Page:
1.0.0 • Public • Published

Jekyll Discuss

A commenting system for Jekyll


Jekyll is a powerful blog-aware static site generator. Due to the nature of static sites, including dynamic content — in particular, user-generated content — on a page can be quite challenging. A typical example of that is a blog's commenting system. How to serve that content with an application that consists of pure static HTML files?

As I described in this post and, more in depth, in this post, there are several options to address this limitation. Third-party commenting platforms like Disqus are quite popular and easy to implement.

However, as explained by Tom Preston-Werner in this talk, that comes with the huge caveat of not hosting the comments data, taking away one of the great selling points of Jekyll — the fact that the entire data is hosted together in a repository, not scattered through a myriad of databases and servers.

Other approaches include the actual comments with the rest of the data, but require either a manual build or a complex Continuous Integration process. That makes the integration with GitHub Pages much more difficult.

So what is this?

Jekyll Discuss is a Node.js server-side middleman that handles comments as POST requests from a form, creates data files with its contents and pushes them to a GitHub repository. When using GitHub Pages, that will automatically trigger a build and the new data files will be part of the generated site.

Jekyll Discuss diagram

There was a previous iteration of this project written in PHP, which I'll no longer maintain.


This project is still pretty much at a point where it's made to solve my specific needs — a commenting system to use with Jekyll, GitHub Pages and Mailgun. I'm always happy to make it as generic and flexible as possible, so please feel free to change it in any way you see fit and submit a pull request.


  1. Install via NPM

    npm install jekyll-discuss
    cd jekyll-discuss
  2. Edit and rename template config file

    vi config.template
    mv config.template config
  3. Start server

    node app.js


Jekyll Discuss consists essentially of an Express server that handles requests, and a Bash script that pushes files to GitHub. Both of these components read information from a shared config file, which contains the following entries.

Key Mandatory Description
SERVER_HTTP_PORT YES Port to be used by the HTTP version of the Express server
SERVER_HTTPS_PORT No Port to be used by the HTTPS version of the Express server
SERVER_HTTPS_KEY No Path to the certificate key to be used by the HTTPS server
SERVER_HTTPS_CRT No Path to the certificate file to be used by the HTTPS server
SERVER_HTTPS_PASSPHRASE No Passphrase to be used with the HTTPS certificate
COMMENTS_DIR_FORMAT YES Path and format of the comments directory (e.g. _data/comments/@post-slug)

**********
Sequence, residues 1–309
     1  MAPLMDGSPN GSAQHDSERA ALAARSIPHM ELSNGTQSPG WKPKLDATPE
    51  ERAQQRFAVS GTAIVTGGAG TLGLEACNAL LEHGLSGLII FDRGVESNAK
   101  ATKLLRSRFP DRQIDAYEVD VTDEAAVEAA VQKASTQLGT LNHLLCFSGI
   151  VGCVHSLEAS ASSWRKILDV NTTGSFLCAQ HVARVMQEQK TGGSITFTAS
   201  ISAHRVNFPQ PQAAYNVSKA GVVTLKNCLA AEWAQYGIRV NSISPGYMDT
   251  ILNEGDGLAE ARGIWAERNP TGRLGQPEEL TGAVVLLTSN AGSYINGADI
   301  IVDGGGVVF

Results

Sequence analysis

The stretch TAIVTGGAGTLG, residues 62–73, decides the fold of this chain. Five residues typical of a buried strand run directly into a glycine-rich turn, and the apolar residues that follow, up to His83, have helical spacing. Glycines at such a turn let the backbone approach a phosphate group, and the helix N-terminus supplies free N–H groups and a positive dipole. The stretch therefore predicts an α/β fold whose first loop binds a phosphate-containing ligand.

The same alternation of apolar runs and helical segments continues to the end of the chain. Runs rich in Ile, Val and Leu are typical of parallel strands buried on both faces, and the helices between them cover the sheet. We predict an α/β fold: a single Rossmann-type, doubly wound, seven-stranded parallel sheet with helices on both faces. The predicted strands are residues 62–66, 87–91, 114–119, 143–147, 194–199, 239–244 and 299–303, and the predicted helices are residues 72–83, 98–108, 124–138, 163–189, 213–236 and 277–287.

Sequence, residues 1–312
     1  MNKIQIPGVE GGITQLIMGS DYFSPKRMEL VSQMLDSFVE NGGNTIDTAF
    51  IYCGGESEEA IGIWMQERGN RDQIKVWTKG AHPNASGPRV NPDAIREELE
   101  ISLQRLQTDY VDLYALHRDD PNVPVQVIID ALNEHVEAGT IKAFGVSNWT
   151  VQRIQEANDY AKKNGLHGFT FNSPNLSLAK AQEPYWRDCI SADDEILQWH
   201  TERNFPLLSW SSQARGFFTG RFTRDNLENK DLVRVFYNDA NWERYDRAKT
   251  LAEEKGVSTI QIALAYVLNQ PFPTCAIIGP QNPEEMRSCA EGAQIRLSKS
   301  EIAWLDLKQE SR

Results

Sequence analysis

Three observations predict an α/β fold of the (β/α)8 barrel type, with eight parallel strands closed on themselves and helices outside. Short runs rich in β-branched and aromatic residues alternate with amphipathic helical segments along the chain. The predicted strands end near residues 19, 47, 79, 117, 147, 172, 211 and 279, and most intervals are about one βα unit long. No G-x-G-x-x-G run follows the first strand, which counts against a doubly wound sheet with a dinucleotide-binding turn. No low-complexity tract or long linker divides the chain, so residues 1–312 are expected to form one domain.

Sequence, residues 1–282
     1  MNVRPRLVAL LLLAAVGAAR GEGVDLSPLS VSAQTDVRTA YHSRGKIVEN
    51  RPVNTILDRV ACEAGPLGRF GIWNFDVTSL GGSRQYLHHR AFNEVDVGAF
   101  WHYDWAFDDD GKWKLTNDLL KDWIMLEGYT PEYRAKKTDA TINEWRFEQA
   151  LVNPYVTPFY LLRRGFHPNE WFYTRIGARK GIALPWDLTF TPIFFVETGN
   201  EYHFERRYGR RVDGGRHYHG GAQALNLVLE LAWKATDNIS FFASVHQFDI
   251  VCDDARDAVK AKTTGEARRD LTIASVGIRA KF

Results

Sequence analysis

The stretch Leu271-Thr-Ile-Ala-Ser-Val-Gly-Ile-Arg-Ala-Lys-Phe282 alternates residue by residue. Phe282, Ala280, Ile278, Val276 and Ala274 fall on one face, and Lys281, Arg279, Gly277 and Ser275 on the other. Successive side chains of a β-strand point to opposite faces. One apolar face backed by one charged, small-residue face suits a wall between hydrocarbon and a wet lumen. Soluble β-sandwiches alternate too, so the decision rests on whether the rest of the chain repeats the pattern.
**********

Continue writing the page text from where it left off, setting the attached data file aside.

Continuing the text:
COMMENTS_FILE_FORMAT YES Path and format of the comment files (e.g. @timestamp-@hash.yml)
GIT_USERNAME YES Username to use when pushing comments to GitHub
GIT_TOKEN YES GitHub personal access token (info)
GIT_USER YES GitHub user name
GIT_EMAIL YES GitHub user email
GIT_REPO YES Path to the local copy of the repository
GIT_REPO_REMOTE YES Repository URL (.git)
GIT_COMMIT_MESSAGE YES Message to be used on commits
SUBSCRIPTIONS_DATABASE No Path to the file-based database used to manage subscriptions
SUBSCRIPTIONS_NOTIFY_ALL No Email address to where notifications for all posts are sent
MAILGUN_DOMAIN No Mailgun domain from where to send subscription notifications
MAILGUN_KEY No Mailgun key
MAILGUN_FROM No Sender name and email address for subscription notifications


Submitting comments

Jekyll Discuss will be expecting POST requests containing the following fields:

Field Description
name Commenter's name
email Commenter's email address
url Commenter's URL (optional)
message Comment body
company Honeypot field for basic spam detection (info)
subscribe Whether to notify the commenter of future comments by email (must equal subscribe)
post-slug Post slug
post-title Post title
post-url Post URL

Displaying comments

On the Jekyll side, showing comments for a post can be done simply by iterating through a set of data files.


{% if[post_slug] %}
    {% assign comments =[post_slug] | sort %}
    {% for comment in comments %}
        <div class="comment">
          <h3 class="comment__author"><a href="{{ comment[1].url }}">{{ comment[1].name }}</a></h3
          <p class="comment__date">{{ comment[1].date }}</p>
          <img class="comment__avatar" src="{{ comment[1].hash }}?d=mm&s=180">
          {{ comment[1].message }}
    {% endfor %}
{% endif %}

Email notifications

Jekyll Discuss can be used with Mailgun to send email notifications, allowing commenters to subscribe to new comments on any post. To do this, fill in the Mailgun related fields in the configuration file and edit the email templates that ship with the repo.

Here's an example (email-templates/new-comment.template.html):

<!-- New comment on Eduardo saying things -->
Hi {{ subscriber }},<br><br>
{{ commenter }} just commented on the post titled "{{ title }}" you subscribed to on <a href="">Eduardo saying things</a>.<br><br>
Click <a href="{{ link }}">here</a> to see the comment or <a href="{{ unsubscribe }}">unsubscribe</a> from future notifications.<br><br>

The first line of the file, wrapped inside HTML comments, will be used as the subject of the email messages that use this template. The {{ subscriber }}, {{ commenter }}, {{ link }} and {{ unsubscribe }} placeholders will be automatically replaced by the values passed by the subscriptions module:

var data = {
    title: parsedData['post-title'],
    slug: parsedData['post-slug'],
    link: parsedData['post-url'],
    commenter: parsedData['name'],
    unsubscribe: subscription._id
mailman.send('new-comment',, data, function (body, error) {
    if (error) {
        console.log('[!] Error sending email: ' + error);




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